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VOTER REGISTRATION PROBLEMS

Advocates seeking people with voter problems

(Information in the following story is from: Lawrence (Kan.) Journal-World, http://www.ljworld.com)

LAWRENCE, Kan. (AP) - League of Women Voters chapters are trying to contact about 20,000 Kansas residents whose voter registrations are stalled because of problems proving their citizenship.

The Lawrence Journal-World reports that the president of the Lawrence-Douglas County chapter says the work is slow because many of the potential voters do not answer telephone messages or emails from the organization.

Kansas Secretary of State Kris Kobach contends it is easy for residents to prove their citizenship before voting. He says the law is necessary to prevent illegal immigrants from voting.

Dolores Furtado, president of the League of Women Voters of Kansas, said the chapters are using various methods to help local election commissioners reach people whose registrations aren't complete.

MIDWEST ECONOMY

Report: Midwest economic index inched up in August

OMAHA, Neb. (AP) - A monthly economic survey index for nine Midwestern and Plains states rose slightly in August, suggesting growth is ahead.

A survey report issued Tuesday says the overall Mid-America Business Conditions Index inched up to 57.2 last month from 57.0 in July. The index had reached a three-year high of 60.6 in June.

Looking six months ahead, the business confidence portion of the overall index climbed to 60.4 from 60.0 in July. It had hit 63.6 in June.

The survey results from supply managers are compiled into a collection of indexes ranging from zero to 100. Survey organizers at Creighton University say any score above 50 suggests economic growth, while a score below that suggests decline.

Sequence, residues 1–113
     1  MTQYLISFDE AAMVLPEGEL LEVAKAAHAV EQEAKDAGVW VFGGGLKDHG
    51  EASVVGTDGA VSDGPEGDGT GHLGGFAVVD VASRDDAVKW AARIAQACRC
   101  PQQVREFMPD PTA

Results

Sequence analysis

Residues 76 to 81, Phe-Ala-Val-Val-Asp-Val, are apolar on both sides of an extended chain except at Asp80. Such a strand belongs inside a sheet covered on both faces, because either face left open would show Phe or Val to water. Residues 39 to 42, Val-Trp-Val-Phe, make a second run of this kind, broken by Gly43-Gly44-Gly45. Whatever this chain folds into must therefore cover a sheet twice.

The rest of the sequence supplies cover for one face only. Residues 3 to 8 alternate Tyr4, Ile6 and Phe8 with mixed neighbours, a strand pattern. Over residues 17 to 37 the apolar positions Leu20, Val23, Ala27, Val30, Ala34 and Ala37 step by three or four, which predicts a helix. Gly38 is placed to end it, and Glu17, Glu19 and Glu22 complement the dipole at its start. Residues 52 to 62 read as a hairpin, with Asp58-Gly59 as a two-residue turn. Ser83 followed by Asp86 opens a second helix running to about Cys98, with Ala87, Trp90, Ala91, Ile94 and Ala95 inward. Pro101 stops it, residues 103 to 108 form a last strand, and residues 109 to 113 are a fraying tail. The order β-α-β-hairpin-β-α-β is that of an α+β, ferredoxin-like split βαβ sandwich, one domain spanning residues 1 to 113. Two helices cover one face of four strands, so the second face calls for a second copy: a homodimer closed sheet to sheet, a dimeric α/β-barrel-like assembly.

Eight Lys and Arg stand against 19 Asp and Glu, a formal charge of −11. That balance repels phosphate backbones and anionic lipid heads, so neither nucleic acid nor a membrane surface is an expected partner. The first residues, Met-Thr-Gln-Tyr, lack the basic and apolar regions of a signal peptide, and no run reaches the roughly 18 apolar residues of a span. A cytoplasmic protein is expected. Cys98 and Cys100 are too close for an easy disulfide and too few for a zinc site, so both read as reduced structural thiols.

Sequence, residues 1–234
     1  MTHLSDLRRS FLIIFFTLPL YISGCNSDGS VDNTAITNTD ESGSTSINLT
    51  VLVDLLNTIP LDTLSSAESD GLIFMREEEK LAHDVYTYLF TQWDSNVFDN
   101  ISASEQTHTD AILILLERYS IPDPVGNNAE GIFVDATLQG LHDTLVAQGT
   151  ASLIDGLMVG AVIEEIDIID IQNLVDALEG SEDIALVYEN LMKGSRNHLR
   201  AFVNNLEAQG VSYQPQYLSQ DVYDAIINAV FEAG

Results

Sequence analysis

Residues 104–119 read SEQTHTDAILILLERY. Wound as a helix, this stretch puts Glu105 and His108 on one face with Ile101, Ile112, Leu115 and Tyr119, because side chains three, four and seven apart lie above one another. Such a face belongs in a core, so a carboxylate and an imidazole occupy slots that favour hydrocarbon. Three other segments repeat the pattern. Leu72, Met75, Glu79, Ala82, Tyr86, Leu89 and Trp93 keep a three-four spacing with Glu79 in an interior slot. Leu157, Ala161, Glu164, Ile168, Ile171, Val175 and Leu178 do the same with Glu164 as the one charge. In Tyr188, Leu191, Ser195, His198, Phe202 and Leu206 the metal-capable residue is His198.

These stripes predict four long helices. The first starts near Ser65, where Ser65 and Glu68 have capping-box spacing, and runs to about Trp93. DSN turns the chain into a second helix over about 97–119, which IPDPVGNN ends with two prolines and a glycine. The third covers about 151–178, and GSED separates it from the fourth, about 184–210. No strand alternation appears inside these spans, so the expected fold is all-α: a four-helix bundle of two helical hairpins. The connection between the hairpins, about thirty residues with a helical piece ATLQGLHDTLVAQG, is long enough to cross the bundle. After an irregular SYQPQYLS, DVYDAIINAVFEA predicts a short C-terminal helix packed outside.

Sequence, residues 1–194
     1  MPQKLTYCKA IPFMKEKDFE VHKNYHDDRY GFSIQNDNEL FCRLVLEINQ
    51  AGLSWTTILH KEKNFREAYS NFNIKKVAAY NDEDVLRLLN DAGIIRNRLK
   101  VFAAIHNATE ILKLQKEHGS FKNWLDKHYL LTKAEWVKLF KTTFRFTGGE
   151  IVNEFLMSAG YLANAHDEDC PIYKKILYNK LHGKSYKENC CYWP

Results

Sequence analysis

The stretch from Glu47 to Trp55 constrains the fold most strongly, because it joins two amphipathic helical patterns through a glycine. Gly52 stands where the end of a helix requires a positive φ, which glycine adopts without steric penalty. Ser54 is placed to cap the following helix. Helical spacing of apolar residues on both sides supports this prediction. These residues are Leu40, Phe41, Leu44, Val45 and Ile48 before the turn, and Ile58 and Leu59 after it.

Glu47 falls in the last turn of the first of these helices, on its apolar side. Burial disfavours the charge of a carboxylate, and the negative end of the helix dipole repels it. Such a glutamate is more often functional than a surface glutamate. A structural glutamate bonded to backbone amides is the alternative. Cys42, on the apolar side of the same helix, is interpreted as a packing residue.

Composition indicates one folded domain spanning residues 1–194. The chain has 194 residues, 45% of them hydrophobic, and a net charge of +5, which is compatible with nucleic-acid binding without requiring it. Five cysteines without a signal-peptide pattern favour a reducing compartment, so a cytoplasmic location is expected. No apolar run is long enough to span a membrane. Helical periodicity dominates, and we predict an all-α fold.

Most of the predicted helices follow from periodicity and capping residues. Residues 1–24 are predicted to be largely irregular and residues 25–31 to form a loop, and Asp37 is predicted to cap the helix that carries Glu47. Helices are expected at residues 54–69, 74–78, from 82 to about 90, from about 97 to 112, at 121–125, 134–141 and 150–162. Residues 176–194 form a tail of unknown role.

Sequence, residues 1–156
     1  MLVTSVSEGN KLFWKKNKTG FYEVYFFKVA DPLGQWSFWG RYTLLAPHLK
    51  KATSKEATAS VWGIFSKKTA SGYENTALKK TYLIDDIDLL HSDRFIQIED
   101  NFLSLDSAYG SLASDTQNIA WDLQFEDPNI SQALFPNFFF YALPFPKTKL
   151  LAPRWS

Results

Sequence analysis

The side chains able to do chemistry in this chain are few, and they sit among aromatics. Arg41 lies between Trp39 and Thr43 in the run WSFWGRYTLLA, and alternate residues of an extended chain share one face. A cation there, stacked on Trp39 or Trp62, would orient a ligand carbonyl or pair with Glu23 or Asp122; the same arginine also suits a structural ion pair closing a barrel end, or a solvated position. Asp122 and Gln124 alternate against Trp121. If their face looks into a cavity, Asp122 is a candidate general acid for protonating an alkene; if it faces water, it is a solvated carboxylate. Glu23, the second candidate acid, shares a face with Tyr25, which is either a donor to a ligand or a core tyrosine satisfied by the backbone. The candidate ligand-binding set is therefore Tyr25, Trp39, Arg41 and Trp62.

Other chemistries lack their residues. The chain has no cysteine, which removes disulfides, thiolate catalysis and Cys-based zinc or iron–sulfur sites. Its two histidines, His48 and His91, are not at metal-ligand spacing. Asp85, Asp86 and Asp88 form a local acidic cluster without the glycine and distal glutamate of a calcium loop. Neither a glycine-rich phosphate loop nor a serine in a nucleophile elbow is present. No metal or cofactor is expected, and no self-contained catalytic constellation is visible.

The survey covers Arkansas, Iowa, Kansas, Minnesota, Missouri, Nebraska, North Dakota, Oklahoma and South Dakota.

GENDER CRASH DIFFERENCES

Study: Gender linked to type of traffic crash

MANHATTAN, Kan. (AP) - A Kansas State University study says gender could affect the likelihood of young drivers being involved in different types of crashes.

For the study, a civil engineering professor and doctoral student looked at five years of Kansas accidents involving 16- to 24-year-old drivers.

Their findings include that young female drivers had more crashes at intersections and collisions with pedestrians. They also found that young male drivers had more off-road crashes and accidents at sunset.

The researchers said they hoped the study would be used to help develop more targeted educational materials.

The findings were published in the Journal of Safety Research. The research is part of a larger Kansas Department of Transportation study about improving highway safety of young drivers.

HIGHWAY PATROL-SURVEY

Survey: Highway workers loyal, but dissatisfied

(Information in the following story is from: The Topeka (Kan.) Capital-Journal, http://www.cjonline.com)

TOPEKA, Kan. (AP) - A survey of Kansas Highway Patrol employees found a high degree of loyalty to the organization but strong frustration with management.

The Topeka Capital-Journal reports the $20,000 study was done by University of Kansas researches and was prompted by complaints of weak morale in the organization.